View Full Version : Robin Hood

07-Jun-10, 19:59
Went to the cinema to see the new Robin Hood movie last week, and hubby and I both enjoyed it. I didn't set my expectations too high, as I'd heard it got mixed reviews. But I'd definitely recommend it, and I'm hoping it won't be long before they come out with the sequel. I was glad there wasn't a lot of gore in it, and the battle scene towards the end is especially good.

I'd read that Russell Crowe drew criticism from the British media for his variable accent during the film, so I paid very careful attention to that. But I didn't notice him slipping into a Scottish or Irish one, as he had been accused of. It was Little John's accent that sounded a little peculiar to me. Canadian actor Kevin Durand's version came across as a mixture of Scots, Irish and perhaps Geordie, to my ears!

Cate Blanchett was marvellous as Marion, and Mark Strong hit the mark as 'baddie', Sir Godfrey. I was also very impressed with Oscar Isaac as King John, and veteran actor Max von Sydow as Sir Walter Loxley. And I much preferred Russell Crowe's Robin to Kevin Costner's interpretation, I might add!

The Drunken Duck
10-Jun-10, 17:53
Cheers for the Info.

Thinking about taking the missus to see this on Monday, like you say had heard some bad things about it.

Will give it a try though.

John Little
11-Jun-10, 20:53
I agree with Sporran - it's a good adventure yarn and I enjoyed it. Sometimes I think critics take things too seriously. There is not a speck of evidence that Robin Hood ever existed so they should treat it as what it is - a rattling good adventure story.

I have no patience with critics of accents either- to criticise Russell Crowe for not speaking with a proper Nottingham accent is absurd.
For one thing they are speaking modern day English - which they did not in the 13th century.
And there is not a person alive who knows what accents they spoke with then.

The only historical 'fault' I detected was when Robin danced with Marion to the tune 'Women of Ireland' which was written in the early 18th century by the blind Irish harper Turlough o Carolan. (If interested here is a wonderful site to learn of his music.)


Very entertaining- but I have to say I think it's more of a guy film....

12-Jun-10, 02:42
Good point about the accent, John! My husband more or less said the same thing, remarking that we really don't know exactly how people in 13th century England spoke.

Also, thanks for enlightening us on the tune to which Robin and Marion danced. I knew it sounded familiar to me, and that it was from a more recent century. And now that you've told us what it is, I realise it's on a CD I bought a few years ago that has some of Turlough O'Carolan's harp music on it! :)

13-Jun-10, 13:55
Not meaning to nit pick, John, but just to set the record straight, I've discovered that the 'Women of Ireland' tune was written by Seán Ó Riada (1931–1971), not Turlough O'Carolan. The CD I own, 'The Enchanted Isles', does have some compositions by O'Carolan, but then I noticed that 'Women of Ireland' was accredited to Seán Ó Riada instead. So I investigated on Wikipedia, which confirmed this. At the end of the article, it does indeed state that this is the tune used in the courtship scene of Robin and Marion.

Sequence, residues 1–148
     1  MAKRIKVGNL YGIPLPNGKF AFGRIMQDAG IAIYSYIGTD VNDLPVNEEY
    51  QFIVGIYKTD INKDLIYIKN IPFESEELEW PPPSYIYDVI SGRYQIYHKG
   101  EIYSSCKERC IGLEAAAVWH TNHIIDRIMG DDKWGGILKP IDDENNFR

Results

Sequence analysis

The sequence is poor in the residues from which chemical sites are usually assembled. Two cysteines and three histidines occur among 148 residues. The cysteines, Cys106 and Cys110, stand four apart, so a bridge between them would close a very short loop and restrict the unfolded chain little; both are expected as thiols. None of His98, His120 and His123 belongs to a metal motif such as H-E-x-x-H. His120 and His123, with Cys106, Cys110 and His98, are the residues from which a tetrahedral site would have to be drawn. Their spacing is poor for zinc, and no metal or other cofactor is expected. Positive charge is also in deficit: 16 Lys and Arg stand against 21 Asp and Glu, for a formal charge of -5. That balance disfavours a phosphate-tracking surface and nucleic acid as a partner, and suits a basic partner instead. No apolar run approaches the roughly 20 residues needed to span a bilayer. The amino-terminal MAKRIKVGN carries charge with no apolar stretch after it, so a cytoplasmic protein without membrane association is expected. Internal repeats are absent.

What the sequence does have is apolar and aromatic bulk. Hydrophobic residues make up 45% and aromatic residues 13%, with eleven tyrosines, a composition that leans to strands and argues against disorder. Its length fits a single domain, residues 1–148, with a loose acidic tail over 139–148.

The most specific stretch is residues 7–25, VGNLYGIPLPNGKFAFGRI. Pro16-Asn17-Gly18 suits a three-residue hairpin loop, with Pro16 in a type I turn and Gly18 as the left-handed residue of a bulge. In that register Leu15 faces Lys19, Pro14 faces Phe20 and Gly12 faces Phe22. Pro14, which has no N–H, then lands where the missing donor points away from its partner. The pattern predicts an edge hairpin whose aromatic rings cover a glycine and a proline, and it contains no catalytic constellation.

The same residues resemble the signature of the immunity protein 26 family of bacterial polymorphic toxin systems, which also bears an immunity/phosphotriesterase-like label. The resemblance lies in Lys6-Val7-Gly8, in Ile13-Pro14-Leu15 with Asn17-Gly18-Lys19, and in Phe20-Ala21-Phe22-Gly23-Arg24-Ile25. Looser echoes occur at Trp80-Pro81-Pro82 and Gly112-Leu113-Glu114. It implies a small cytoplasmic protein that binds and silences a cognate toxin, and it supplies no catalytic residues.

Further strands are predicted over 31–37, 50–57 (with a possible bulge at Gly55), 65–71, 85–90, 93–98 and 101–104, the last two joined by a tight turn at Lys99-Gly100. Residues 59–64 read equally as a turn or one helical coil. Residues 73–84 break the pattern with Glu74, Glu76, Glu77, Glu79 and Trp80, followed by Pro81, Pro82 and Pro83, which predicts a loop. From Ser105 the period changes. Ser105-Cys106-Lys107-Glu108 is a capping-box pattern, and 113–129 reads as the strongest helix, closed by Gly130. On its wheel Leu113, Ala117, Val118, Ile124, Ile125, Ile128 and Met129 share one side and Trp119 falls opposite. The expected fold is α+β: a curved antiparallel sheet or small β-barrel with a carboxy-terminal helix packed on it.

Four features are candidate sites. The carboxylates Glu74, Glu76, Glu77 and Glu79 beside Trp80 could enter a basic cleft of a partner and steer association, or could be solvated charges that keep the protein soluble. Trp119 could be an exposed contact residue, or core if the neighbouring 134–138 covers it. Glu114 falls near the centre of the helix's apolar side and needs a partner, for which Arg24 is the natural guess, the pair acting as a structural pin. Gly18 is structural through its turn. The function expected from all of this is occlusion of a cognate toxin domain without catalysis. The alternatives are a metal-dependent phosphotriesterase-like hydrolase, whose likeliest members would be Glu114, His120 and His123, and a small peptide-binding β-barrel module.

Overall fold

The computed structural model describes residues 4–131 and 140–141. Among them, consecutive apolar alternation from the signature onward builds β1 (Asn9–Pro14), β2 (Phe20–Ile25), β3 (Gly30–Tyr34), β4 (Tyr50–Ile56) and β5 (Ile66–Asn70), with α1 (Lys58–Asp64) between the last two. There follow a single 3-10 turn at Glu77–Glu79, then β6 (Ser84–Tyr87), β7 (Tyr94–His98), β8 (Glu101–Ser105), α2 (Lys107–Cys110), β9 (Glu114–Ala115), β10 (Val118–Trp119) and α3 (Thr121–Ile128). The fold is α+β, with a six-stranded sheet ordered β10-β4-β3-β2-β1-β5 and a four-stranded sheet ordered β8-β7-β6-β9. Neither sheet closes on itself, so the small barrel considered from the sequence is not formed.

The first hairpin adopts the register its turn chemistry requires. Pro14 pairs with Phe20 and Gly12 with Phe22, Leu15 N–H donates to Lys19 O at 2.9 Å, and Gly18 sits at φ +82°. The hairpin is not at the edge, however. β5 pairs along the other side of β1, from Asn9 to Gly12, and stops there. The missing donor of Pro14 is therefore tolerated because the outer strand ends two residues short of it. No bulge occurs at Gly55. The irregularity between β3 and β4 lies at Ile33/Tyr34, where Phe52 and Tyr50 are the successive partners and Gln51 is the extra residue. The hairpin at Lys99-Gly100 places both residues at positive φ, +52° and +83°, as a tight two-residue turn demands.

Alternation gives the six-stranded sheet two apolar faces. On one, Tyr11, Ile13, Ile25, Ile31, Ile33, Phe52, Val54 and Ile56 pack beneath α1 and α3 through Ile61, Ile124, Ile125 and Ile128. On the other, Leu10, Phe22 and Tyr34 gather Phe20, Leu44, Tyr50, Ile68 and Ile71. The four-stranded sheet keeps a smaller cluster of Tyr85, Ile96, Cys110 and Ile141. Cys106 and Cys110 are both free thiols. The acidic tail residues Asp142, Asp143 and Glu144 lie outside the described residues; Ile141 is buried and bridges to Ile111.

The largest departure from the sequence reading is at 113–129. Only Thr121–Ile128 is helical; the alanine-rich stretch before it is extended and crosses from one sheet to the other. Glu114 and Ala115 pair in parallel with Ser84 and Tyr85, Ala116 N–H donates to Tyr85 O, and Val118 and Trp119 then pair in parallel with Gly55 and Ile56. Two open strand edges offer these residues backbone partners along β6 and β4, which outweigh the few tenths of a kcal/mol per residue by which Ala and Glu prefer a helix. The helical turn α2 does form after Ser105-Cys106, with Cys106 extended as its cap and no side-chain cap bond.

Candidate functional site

John Little
13-Jun-10, 14:11
Ah well that makes it even worse that it should be used in a film of the 13th century! Now there is an anachronism.

Nice tune though - sounds very like Carolan and I have it on a CD of Carolan music though now I notice that it is not all Carolan.

Thankyou for that. :lol:

The Drunken Duck
14-Jun-10, 23:44
Just watched this. What a load of utter tripe, story was rubbish, the accents were terrible and as for the wooden landing craft in the style of the D-Day model's ?? .. what the hell ??, me and my mate were openly laughing at this point. I was half expecting Tom Hanks to run off one with a Thompson !! .. what a joke.

And it looks like their is going to be a sequel too !! .. Ridley Scott has fallen far from the standard of Alien, Gladiator and Kingdom of Heaven.

15-Jun-10, 03:39
....and as for the wooden landing craft in the style of the D-Day model's ?? .. what the hell ??, me and my mate were openly laughing at this point. I was half expecting Tom Hanks to run off one with a Thompson !! .. what a joke.

I have to agree with you on the landing craft, DD. I didn't mention them before, because I didn't want to give away too much about the film. But I have to admit my husband and I were rather incredulous at the sight of those! Methinks Mr Ridley Scott was taking dramatic license a little too far at that point! :confused

John Little
15-Jun-10, 09:33
But it's not History!

It's just a story! :eek:

The Drunken Duck
15-Jun-10, 10:03
But it's not History!

It's just a story! :eek:

Even a story John it was terrible, I mean D-Day style Landing craft in the 12th Century ?? .. it was utterly ridiculous. Other holes in the plot are so big you could drive a 12th century Landing craft through it. Myself and my friend were laughing at the beach battle at the end and we weren't the only ones.

Dont watch it, it's a waste of eight quid.

John Little
15-Jun-10, 11:49
I already did - but in the same way I watched Lord of the Rings - as a fantasy. It's the suspension of disbelief.

Anyway - sometimes a good helping of cheese and corn is just the ticket. I bet you came out of the cinema feeling good after a laugh.

So it worked - maybe not in the way intended, but it worked!

15-Jun-10, 12:53
John Little. Little John. Were you not in this film?

John Little
15-Jun-10, 13:51
Aye ah wiz! I wiz there wagging my tail fit to bust, getting drunk outta ma gourd on mead and bustin they Norman scum.

Great fun!